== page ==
Tag Archives: book

Simple Matters

Hannah Hart Beat

Hi Hart Beat! Happy Sunday! Pedro and I have been playing it low key this weekend so I’ve been spending lots of time going through books that I’ve got piled up all over the apartment. One book that I read in February that I keep finding myself being drawn back to has been on my mind in need of a post for months. Have you read Simple Matters: Living with Less and Ending Up with More by Erin Boyle yet?

I was drawn to the book after this blog post by Erin on Cup of Jo. After reading Erin’s 14 tips for living in a small space, I started reading Erin’s blog Reading My Tea Leaves daily. Lucky for me right around this time Erin’s book Simple Matters came out and I was able to purchase it immediately. The book, like Erin’s blog, is all about finding simple and elegant ways of living with less in this heavy materialistic world. The inspiration for Erin’s book (and blog from what I’m understanding) is the teeny, tiny spaces that she and her husband, and now baby, have lived over the years. Currently Erin, her husband and their daughter live in a 500 square foot apartment in Brooklyn. Pedro and I live in an apartment bigger than that! I would be lying if, more than the famous Marie Kondo book, Simple Matters has changed the way that I live my life.

Hannah Hart Beat - Simple Things

Simple Matters is broken into nine sections: decluttering, simplifying, organizing, decorating, bath & beauty, getting dressed, cooking & entertaining, cleaning, and thriving. In these sections, Erin writes about how instead of filling our lives with lots of cheap things that we don’t really like, we should surround ourselves with well made, long lasting objects. And, more importantly, only the objects that we really need.

Far from lacking sentimentality over the things in my house, I actually feel a kind of reverence for them. They’ve been carefully chosen and considered. When I think about adding a new thing to my home, I think first of its beauty, second of its utility, and finally of its staying power. Objects that have a timeless appeal are my favorite things: a set of linen napkins, white plates, wooden spoons.

The book is full of tips like this and so many of them have changed the way I think about my apartment and my things. This post about not buying any beauty products until all of the ones I already own are finished was directly inspired from Simple Matters.

Hannah Hart Beat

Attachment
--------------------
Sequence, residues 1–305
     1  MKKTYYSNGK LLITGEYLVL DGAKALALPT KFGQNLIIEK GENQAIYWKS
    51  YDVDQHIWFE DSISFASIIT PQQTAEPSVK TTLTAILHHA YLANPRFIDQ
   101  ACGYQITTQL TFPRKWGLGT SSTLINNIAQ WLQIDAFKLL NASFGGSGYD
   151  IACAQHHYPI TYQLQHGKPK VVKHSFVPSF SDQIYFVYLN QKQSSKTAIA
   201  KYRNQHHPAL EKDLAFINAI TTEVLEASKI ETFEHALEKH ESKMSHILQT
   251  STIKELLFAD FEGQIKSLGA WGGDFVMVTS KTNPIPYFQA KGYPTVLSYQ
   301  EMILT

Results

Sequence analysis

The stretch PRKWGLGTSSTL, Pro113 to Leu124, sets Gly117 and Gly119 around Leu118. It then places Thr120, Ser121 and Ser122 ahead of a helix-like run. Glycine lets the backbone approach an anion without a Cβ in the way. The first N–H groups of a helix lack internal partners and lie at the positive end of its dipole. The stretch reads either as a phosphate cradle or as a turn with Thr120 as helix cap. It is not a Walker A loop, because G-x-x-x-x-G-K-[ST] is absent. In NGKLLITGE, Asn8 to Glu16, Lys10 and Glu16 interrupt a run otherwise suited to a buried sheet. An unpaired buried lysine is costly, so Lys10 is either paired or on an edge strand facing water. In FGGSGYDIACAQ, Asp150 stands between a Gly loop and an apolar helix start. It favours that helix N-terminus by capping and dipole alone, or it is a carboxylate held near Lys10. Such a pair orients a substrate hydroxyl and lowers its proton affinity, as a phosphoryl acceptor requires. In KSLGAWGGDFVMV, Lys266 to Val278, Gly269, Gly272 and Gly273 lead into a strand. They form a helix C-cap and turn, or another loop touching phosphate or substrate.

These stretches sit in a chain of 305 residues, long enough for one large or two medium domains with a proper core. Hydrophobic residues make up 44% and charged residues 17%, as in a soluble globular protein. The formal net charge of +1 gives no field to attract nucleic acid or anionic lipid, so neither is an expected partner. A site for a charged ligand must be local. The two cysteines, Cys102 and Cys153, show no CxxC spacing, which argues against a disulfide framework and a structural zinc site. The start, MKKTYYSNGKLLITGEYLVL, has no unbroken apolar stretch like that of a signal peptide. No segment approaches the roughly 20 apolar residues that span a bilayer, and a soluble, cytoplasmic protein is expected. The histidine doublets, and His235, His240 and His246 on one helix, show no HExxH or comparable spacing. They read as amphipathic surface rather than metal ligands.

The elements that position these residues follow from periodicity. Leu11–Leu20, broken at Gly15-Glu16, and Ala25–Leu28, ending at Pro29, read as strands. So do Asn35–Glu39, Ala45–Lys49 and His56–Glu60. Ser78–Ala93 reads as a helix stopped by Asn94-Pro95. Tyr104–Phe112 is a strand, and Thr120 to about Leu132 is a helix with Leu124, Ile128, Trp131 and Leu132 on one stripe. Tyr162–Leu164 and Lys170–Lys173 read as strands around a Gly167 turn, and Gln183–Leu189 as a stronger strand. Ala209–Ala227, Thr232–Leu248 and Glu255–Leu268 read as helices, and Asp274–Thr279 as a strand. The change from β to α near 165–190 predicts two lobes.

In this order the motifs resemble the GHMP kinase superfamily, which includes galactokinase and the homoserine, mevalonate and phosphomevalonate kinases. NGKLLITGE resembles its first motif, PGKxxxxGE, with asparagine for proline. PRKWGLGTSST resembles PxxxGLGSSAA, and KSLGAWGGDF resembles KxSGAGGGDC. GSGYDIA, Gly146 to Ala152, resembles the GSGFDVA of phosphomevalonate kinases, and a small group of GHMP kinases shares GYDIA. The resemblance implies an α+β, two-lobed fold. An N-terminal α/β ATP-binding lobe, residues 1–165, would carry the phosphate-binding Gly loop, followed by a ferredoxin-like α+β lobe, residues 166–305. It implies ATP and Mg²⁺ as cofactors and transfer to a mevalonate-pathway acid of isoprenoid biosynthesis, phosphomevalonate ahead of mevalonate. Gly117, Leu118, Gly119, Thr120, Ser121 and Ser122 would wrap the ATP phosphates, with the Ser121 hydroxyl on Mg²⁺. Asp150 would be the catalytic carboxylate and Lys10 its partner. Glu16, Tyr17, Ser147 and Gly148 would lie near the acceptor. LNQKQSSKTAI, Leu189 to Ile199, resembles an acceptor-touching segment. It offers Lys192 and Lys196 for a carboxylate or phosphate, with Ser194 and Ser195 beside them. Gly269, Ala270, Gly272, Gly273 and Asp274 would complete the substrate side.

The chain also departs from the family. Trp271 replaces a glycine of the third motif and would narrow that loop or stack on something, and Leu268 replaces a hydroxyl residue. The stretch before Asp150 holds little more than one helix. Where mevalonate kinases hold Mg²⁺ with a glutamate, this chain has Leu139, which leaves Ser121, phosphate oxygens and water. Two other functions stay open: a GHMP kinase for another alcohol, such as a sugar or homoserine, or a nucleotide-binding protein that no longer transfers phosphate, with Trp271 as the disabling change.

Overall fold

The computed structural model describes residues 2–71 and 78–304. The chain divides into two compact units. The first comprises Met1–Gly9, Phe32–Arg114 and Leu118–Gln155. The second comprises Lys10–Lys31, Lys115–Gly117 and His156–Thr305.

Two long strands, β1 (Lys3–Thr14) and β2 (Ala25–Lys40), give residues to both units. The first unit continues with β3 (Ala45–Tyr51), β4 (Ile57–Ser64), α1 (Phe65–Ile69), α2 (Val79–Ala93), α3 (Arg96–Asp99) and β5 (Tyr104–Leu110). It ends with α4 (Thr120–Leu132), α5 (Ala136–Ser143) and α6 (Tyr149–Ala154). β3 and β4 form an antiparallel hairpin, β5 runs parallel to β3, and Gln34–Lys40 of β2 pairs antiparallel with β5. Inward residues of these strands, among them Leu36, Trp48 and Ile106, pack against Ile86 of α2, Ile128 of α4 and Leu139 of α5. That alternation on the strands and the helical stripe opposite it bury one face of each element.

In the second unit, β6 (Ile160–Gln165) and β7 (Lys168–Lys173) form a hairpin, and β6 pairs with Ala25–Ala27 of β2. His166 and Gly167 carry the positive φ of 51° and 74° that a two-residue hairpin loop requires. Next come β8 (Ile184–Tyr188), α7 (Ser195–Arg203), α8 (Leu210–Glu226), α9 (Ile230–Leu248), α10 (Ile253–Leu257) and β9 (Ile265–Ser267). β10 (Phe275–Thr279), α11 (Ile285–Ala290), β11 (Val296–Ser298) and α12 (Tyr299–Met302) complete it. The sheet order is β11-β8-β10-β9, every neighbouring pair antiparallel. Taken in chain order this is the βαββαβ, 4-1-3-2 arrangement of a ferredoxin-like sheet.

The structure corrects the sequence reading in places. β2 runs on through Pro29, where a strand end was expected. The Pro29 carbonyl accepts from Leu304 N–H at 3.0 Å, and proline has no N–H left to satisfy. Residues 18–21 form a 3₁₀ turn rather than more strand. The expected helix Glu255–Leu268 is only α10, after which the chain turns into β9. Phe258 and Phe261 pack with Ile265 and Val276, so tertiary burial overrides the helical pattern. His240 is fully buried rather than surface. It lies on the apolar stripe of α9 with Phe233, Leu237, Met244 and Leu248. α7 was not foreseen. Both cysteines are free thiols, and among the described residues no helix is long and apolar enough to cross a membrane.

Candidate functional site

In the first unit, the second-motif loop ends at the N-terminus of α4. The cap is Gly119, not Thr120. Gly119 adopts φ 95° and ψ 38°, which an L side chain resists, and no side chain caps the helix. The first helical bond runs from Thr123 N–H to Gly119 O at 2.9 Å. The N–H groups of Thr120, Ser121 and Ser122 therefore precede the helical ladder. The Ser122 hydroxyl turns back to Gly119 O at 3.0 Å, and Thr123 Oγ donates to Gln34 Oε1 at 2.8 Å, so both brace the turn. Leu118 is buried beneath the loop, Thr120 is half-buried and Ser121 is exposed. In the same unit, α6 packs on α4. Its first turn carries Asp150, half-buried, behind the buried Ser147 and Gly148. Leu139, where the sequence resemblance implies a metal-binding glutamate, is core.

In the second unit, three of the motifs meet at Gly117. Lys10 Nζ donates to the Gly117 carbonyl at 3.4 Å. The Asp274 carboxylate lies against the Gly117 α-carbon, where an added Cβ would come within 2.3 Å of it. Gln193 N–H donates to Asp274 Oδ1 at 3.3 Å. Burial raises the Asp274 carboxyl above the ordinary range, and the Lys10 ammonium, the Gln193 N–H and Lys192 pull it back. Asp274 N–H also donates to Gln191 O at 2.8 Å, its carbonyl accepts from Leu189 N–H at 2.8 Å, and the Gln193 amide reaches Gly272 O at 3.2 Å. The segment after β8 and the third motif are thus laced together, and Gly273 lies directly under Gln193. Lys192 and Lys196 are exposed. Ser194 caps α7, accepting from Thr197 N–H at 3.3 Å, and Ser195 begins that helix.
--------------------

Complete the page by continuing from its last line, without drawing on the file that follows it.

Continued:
Hannah Hart Beat

Hannah Hart Beat - Simple Things

So if you find yourself looking for a little spring cleaning kick, you hated Marie Kondo’s book and found it completely overwhelming, or you just want something pretty to look at while drinking your morning coffee, I highly recommend Simple Matters.

P.S. If you want more of Erin Boyle her interview with Claire and Erica on their podcast was fascinating to listen to.

Hannah Hart Beat

#HappyFriday: Catbird, musician emojis & more

Hannah Hart Beat

Hi Hart Beat! See, I didn’t forget about you. This week was pretty hectic at work and in life so I didn’t have as much time to write to you all 😞. Also, to be honest, I was engrossed in readying Diary of a Teenage Girl and any free time that I had I spent reading it. If you are looking for something to read this fall then I HIGHLY recommend it. It might even be worth it’s own post soon so I won’t say too much. Anyway this weekend I’m looking forward to napping and… whelp napping is the first on my mind now. For you, here are five articles I loved reading this week when I took a break from Diary of a Teenage Girl. See you on, Monday!

— The girls at Catbird tell us about their work/life balance.

Famous musicians as emojis.

Are we there yet? And other words on a road trip.

Mary Karr wrote a new book!! CELEBRATE!

— A great, cheap and easy way to hang your bike in your small apartment.

Summer reading

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Hiii Hart Beat. It’s Monday again! This summer is flying by and now that I’ve laid out the law for the 2015 Song of the Summer let’s talk about summer reading. On my new favorite podcast, A Few Things with Claire and Erica, the duo talk about what books they’re reading this summer and to be honest, Hart Beat, I was a little sad hearing it.